Frequently Asked Questions About Planning Educational Sessions

To focus your session, ask these questions:

  • What healthcare problems, issues, or changes will be discussed in this session?
  • How do these issues impact professionals working in laboratory medicine?
  • How will the session enable learners to address and overcome these issues?

Q: How do I write an acceptable learning objective?

A: Simply have the result in mind. Decide what participants must be able to do after the session that they could not do before. What are the solutions to the identified problems? How can participants implement these solutions when they get back to the workplace?

For example, suppose your audience says they don’t understand why labs turn out erroneous results. From talking with them beforehand, you’ve learned that they are unfamiliar with factors that cause variation in lab results before the sample even gets to the laboratory.

As a result, you decide to teach about factors that cause pre-analytic variation. Your material should cover factors such as diurnal variation, physiological stress due to posture, sample collection and storage, or other causes.

How will participants be able to apply what they learn in this session? What level of thinking must they operate on when they get back to their jobs? What will they be able to do after the presentation that they could not do before? This becomes your learning objective.

Some examples:

  • After a presentation on pre-analytic variation, clinical laboratorians will be able to set up procedures to control post-collection factors that adversely affect the stability of analytes.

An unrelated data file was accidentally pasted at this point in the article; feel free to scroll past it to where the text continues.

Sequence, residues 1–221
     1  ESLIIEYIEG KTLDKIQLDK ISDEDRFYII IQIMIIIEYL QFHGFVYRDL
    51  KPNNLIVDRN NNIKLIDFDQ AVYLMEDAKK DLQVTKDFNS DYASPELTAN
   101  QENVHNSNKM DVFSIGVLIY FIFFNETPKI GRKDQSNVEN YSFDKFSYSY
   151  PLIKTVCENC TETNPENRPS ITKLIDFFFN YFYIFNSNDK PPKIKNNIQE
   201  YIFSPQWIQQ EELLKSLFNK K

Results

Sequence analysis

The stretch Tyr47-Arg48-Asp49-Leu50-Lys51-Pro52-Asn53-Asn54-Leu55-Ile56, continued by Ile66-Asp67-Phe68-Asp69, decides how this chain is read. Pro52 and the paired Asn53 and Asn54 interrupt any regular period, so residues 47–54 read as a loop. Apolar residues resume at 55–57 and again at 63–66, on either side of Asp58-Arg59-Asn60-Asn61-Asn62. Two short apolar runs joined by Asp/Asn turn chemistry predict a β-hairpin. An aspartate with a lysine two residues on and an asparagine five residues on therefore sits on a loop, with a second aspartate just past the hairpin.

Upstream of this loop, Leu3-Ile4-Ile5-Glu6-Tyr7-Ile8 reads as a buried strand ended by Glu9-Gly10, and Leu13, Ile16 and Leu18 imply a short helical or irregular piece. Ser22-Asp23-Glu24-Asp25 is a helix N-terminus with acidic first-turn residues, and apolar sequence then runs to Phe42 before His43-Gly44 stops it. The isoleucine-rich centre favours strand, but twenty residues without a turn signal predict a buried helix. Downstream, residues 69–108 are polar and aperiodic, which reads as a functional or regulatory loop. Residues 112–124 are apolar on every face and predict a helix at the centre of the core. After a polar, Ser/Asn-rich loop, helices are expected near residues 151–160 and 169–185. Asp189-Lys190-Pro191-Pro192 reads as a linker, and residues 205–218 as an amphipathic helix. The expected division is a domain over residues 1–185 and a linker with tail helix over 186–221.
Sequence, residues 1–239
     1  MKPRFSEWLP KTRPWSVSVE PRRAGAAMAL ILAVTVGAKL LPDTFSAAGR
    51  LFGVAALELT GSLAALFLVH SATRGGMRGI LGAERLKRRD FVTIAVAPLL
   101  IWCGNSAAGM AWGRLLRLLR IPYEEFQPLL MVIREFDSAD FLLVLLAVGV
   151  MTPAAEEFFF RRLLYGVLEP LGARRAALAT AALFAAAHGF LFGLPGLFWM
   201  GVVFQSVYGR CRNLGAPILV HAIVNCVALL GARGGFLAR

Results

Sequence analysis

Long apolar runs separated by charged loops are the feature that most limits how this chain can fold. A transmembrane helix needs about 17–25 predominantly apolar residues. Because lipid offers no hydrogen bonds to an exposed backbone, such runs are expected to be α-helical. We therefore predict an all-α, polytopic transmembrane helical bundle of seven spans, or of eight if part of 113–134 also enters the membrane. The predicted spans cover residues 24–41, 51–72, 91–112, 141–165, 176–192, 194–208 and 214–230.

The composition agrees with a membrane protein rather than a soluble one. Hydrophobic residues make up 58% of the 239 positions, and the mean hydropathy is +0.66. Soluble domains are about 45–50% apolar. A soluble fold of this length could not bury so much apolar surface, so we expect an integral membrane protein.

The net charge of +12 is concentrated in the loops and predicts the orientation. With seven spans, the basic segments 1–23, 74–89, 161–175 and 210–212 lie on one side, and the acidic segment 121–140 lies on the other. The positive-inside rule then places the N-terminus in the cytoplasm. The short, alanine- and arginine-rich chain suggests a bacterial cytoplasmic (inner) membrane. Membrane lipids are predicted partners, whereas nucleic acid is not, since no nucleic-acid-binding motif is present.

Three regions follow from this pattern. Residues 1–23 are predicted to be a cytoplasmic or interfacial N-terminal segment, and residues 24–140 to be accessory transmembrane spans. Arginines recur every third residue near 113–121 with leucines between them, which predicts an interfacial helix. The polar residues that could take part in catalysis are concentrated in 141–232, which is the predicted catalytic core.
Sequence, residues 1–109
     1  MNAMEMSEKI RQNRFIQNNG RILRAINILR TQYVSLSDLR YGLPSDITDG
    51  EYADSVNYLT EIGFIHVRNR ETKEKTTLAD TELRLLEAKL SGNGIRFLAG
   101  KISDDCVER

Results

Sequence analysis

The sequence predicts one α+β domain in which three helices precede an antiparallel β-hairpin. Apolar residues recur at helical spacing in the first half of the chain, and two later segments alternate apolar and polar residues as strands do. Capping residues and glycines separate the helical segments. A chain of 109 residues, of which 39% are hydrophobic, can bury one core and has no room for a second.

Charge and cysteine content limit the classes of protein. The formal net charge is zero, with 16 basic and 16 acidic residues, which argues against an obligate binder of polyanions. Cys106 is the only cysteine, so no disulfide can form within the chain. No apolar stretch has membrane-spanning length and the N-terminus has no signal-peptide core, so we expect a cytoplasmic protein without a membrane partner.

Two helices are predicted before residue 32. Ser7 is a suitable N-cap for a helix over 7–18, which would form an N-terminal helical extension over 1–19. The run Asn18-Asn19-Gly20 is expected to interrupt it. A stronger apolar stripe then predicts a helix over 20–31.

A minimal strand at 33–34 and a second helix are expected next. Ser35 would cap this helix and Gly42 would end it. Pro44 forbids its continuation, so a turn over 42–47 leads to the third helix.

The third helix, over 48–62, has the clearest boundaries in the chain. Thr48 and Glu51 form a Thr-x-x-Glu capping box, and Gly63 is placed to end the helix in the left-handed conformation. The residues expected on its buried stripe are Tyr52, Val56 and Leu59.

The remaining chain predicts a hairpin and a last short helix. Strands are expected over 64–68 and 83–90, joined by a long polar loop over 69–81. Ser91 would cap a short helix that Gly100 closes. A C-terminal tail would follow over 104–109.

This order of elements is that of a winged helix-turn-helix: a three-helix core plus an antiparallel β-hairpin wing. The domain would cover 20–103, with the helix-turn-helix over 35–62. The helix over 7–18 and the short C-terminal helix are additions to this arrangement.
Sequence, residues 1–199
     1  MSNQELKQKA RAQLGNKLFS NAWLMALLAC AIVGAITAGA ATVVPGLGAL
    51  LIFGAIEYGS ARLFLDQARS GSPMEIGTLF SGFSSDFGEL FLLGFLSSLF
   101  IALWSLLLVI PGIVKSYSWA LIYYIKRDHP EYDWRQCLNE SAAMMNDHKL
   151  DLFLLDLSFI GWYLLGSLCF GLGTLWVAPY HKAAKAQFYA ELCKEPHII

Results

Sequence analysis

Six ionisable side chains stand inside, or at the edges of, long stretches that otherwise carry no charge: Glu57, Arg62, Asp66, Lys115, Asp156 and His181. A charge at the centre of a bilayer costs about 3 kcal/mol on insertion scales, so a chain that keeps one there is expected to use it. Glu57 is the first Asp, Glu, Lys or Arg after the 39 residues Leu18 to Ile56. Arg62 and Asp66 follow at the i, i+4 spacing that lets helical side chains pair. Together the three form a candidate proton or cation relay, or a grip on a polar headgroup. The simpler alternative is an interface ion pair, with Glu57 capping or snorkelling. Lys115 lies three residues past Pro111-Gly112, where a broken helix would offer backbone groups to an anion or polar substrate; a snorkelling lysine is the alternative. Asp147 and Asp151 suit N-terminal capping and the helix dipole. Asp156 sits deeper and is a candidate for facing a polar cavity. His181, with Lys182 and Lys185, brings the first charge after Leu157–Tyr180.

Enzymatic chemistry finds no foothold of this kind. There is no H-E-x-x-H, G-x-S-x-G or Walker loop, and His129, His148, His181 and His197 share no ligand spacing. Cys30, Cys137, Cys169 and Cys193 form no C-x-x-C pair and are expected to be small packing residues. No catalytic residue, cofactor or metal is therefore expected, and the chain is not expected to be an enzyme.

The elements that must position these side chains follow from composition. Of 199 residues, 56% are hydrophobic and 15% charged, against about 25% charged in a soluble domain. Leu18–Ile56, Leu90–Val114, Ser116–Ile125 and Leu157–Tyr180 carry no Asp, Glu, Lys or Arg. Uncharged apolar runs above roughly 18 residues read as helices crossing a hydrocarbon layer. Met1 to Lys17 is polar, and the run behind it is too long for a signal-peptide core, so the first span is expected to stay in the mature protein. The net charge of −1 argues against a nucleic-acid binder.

• After a presentation on how collection methods can affect erroneous results, the students can select collection methods that will minimize the possibility of introducing bias in laboratory results.

Learning objectives must contain:

  • verbs showing what students can do
  • verbs indicating the level of thought required to perform that action

Examples:

Level

Action

Recognition

List, state, identify

Understanding

Describe, diagram components, etc.

Explanation

Explain, define, interpret, discuss

Analysis

Compare, contrast, differentiate, analyze

Synthesis

Create, summarize

Evaluation

Choose, evaluate

Unacceptable learning objectives contain:

  • verbs that can’t be measured or demonstrated such as understand, know, learn, see, review
  • statements that demonstrate what the instructor rather than the students will do
  • any objectives that are measurable but that your presentation doesn't support.

Q: What are some examples of a needs assessment source that I should provide in my session proposal?

A: There are many different kinds of sources that you can include in your proposal to support that there is a need for this education to be presented in a session. Examples include literature citations, survey results, recognized databases, public health issues, evaluations of previous activities, new developments (e.g., a new test, clinical guidelines, new federal mandates, etc.), organizing committee minutes, focus group responses, expert opinion, etc.

Q: Inter-activity is big in adult education, but I’m not comfortable facilitating group discussions. Is a lecture format bad?